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When imagining the workings of a political machine in the heart of Washington, D.C., one might conjure intrigue, power plays and ruthlessness.
Instead, picture a group of seven seemingly mild-mannered men seated around a conference table on a muggy Tuesday night, in a downtown office building that said good night to the day shift hours earlier, a can of Pringles as their only distraction.
But appearances aside, the Gay and Lesbian Activists Alliance has rated candidates for office in every District of Columbia primary and general election since 1971. It’s the longest running gay civil rights organization in the country and on Tuesday, Aug. 17, GLAA was at it again, rating candidates for D.C.’s upcoming primary elections.
“Candidates are rated on a scale of -10 to +10, based on their answers to GLAA’s questionnaire and their record on behalf of the gay and lesbian community,” the group’s literature states. Within the parameters of that statement, there is plenty of room for drama.
”His handling of AIDS back in the ’80s was abysmal,” fires Richard J. Rosendall, GLAA vice president for political affairs, on the record of former mayor Marion Barry, who’s running — perhaps — for the Ward 8 council seat.
Rosendall is generally quick to offer the most spirited analysis of any candidate. Bob Summersgill, the group’s treasurer, often follows with a more soft-spoken counter: “[Barry] did a lot for us years ago, far beyond what others would do for us.” Although Barry did not return the GLAA questionnaire, he managed to earn a single point on the positive side.
While he may have spent the most time in the national spotlight, Barry was small potatoes as the GLAA hashed things out over other candidates for more than three-and-a-half hours.
The most contentious moments came with the discussion of Ward 8 incumbent Sandy Allen (D). GLAA handed her a -5.5, the lowest score of the evening.
“I think it’s overly harsh for Sandy Allen,” insisted Frank Kameny, a GLAA founder and long-time activist. “For all her faults, she’s not an enemy…. She’s not a ranting homophobe.”
Kameny’s opposition was noted, but the poor rating held. Those voting for it said it was based primarily on Allen’s position as chair of the city’s Committee on Human Services, which oversees the city’s HIV/AIDS Administration (HAA).
GLAA summarized its position on Allen’s score in an Aug. 19 press release: “[Allen] has completely failed to recognize or deal with the problems at HAA. For six years she has brushed off GLAA’s concerns about gross mismanagement, financial shenanigans, sexual harassment, and illegal manipulation of the contract process for the benefit of the friends of the former director. HAA is now the subject of multiple investigations, and defendant in lawsuits from current and former employees.”
Allen’s campaign office had no comment to offer regarding the GLAA score.
Those voting in favor of the low rating granted Kameny’s point that Allen is not anti-gay. Rosendall clarified the process, however, saying, “We’re not talking about someone’s niceness or decency,” but rather job performance.
That GLAA would take issue with Allen and the “contract process” is no surprise. This is a group that abhors corruption of the process. It’s something council-at-large candidate Sam Brooks (D) learned at the meeting.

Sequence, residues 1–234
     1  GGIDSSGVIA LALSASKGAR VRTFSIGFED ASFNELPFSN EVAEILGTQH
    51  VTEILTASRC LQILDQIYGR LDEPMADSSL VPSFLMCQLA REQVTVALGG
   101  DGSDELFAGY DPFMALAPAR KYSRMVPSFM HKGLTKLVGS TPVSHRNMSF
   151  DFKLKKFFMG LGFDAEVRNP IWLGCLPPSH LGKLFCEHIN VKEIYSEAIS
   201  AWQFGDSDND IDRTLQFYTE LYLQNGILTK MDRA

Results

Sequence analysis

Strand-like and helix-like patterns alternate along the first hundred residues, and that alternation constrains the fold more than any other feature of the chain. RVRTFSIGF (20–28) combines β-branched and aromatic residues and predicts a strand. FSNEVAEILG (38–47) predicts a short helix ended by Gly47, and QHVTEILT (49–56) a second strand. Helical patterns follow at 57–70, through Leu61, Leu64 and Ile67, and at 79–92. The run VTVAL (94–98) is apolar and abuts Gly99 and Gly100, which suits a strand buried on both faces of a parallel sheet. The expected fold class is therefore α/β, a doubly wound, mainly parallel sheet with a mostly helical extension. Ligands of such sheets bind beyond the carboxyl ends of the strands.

While Brooks was the sole candidate to make an appearance at the Aug. 12 meeting, he had the misfortune of arriving when the meeting started at 7 p.m. The group’s schedule called for reviewing Brooks’ questionnaire around 9 p.m. Perhaps GLAA would move things around a bit so that Brooks could answer any questions and be on his way?
Not a chance.
Brooks waited about two hours for his audience. For someone who has not held office previously, it was a wise move. Although his questionnaire impressed the group, Brooks’ appearance probably helped him earn a +7.5 rating.
“Frankly, for a non-incumbent, this is very good,” Summersgill said of Brooks’ showing. Out of a field of 27 primary candidates, only incumbents Jack Evans (D-Ward 2), Adrian Fenty (D-Ward 4) and Carol Schwartz (R-At Large) fared better.
The group gave longtime ally Schwartz a +9.5.
“She’s done an awful lot for us,” said Rosendall as the group decided on a score. “She is always up there [on Capitol Hill] on our stuff, so I would give her a ‘championship’ point just for that.”
Championship points, which range from negative one to one, are awarded for marked political valor or shame.
Fenty earned similar praise, particularly for his responsiveness to the gay community. The group also awarded him half of a coveted championship point for his staunch opposition to school vouchers for a total score of +8.5.
Jack Evans, however, was the single candidate to earn a perfect +10. “I’ve been saying for years now that Jack is the best ally we’ve ever had,” said Rosendall.
On the other end of the spectrum, Ward 7 incumbent Kevin P. Chavous (D) was the only candidate aside from Allen to end up with a negative score. Unlike Allen, however, Chavous’ -2.5 didn’t merit any clarification about the scores representing job performance rather than disposition toward the gay community.
“He’s one of the least responsive [council members],” Rosendall opined. “He’s one of the most reliable to make trouble…. He’s a snake.”
Summersgill’s suggestion that Chavous has indicated he is in favor of expanding domestic partner benefits could not pull the councilmember out of negative territory.
The District holds primary elections Sept. 14.
For a complete breakdown of GLAA’s candidate ratings and procedures, visit www.glaa.org.
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